With SIPS you get a weather-tight frame in no time, and the manufacturer does the design for you if you provide general sizes. For a self builder those two things are a big deal, I think. Trying to tackle a timber frame yourself without being an apprenticed joiner would be pretty much impossible -- or at least a protracted and painful learning experience. Steel is similar -- you decide what you want and someone else takes design liability, delivers and erects it. You then have a stable, plumb and level structure to build your floors & walls around. In comparing timber frame with blockwork I'm assuming the self-builder is the builder, so to learn to put up blocks and then get a satisfactory end result, is achievable. With timber frame, even if you have someone else design it for you, you still have to cut, join, and get it erected plumb. Possibly your experience has been with a timber frame "turnkey" solution provider, and I assume going that route is expensive and akin to getting a kit home?
  7. StructuralEngineer

    Timber frame or brick & Block

    For a self build there's no real benefit in timber frame. Blockwork is much more durable and forgiving, and you could build quicker with block than timber anyway for a single dwelling. Housebuilders use timber frame because they can throw houses up quicker on big sites. Personally I would go with SIPS or a steel frame, or a combination of both, and I would seriously consider not having a brick outer skin.
  8. StructuralEngineer

    Painting steel

    I'll take of 20%, so you save a quid per hour.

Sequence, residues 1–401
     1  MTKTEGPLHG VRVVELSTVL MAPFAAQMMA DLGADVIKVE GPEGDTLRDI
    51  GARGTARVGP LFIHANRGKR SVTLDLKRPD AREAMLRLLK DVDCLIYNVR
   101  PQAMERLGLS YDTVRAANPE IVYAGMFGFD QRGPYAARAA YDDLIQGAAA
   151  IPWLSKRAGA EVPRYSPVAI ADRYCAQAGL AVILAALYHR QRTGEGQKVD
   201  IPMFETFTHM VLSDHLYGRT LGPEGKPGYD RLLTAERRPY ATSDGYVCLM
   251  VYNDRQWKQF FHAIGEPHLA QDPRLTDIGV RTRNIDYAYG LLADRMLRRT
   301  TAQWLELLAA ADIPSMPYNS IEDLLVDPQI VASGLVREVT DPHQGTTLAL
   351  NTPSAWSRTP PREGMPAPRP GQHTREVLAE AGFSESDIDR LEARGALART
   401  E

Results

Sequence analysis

9. StructuralEngineer

    Steel has arrived

    Sounds like a plan. Everyone round here seems to hire them from Ireland.
  10. StructuralEngineer

    Painting steel

    You might balk at my hourly rate
  11. StructuralEngineer

    Painting steel

    I used to design steel balconies and never, ever, powder coated structural steels. One coat primer, one undercoat and one top coat, or a combination of specialist paints should be fine. Powder coating tends to chip and also loses its gloss. As it's plastic it might fade in the sun too.
  12. StructuralEngineer

    Looking to begin my estimate

    I'd +1 on getting spons price book. From what I understand, when you get builders quotes they'll just be using this. The big benefit is that you can then look at contrasting options for each item. Be aware though that this covers only relatively tried and tested building methods. That's £1200/m2. If you don't mind me asking, if you have that size budget, could you get an architect and contractor to handle it all?
  13. An 11kv line will give off significant EMF radiation, and if you are under this wire you will no doubt be receiving well above the guideline amount. If you ring/email the national grid emf helpline and ask them to tell you what the EMF radiation level is at your property, this might set in motion a process whereby you can get it moved asap.
  14. StructuralEngineer

    Smug to Mug

    Does the drive need to be "permeable" as you stated? If laid to a slight fall you could go with tarmac or patterned concrete, and introduce ACO drains where necessary. Permeable drives tend to block up anyway.
  15. StructuralEngineer

    Hello and yes, it's a renovation blog.

    Looks to me like it's only carrying some floor joists and no masonry. This end of the beam looks better than the other end you showed us before. If you're having BC round at some point anyway, just get them to look at it. They probably won't ask for padstones if it's clearly part of the original build and is only carrying floor joists -- and the brick is well bonded below it.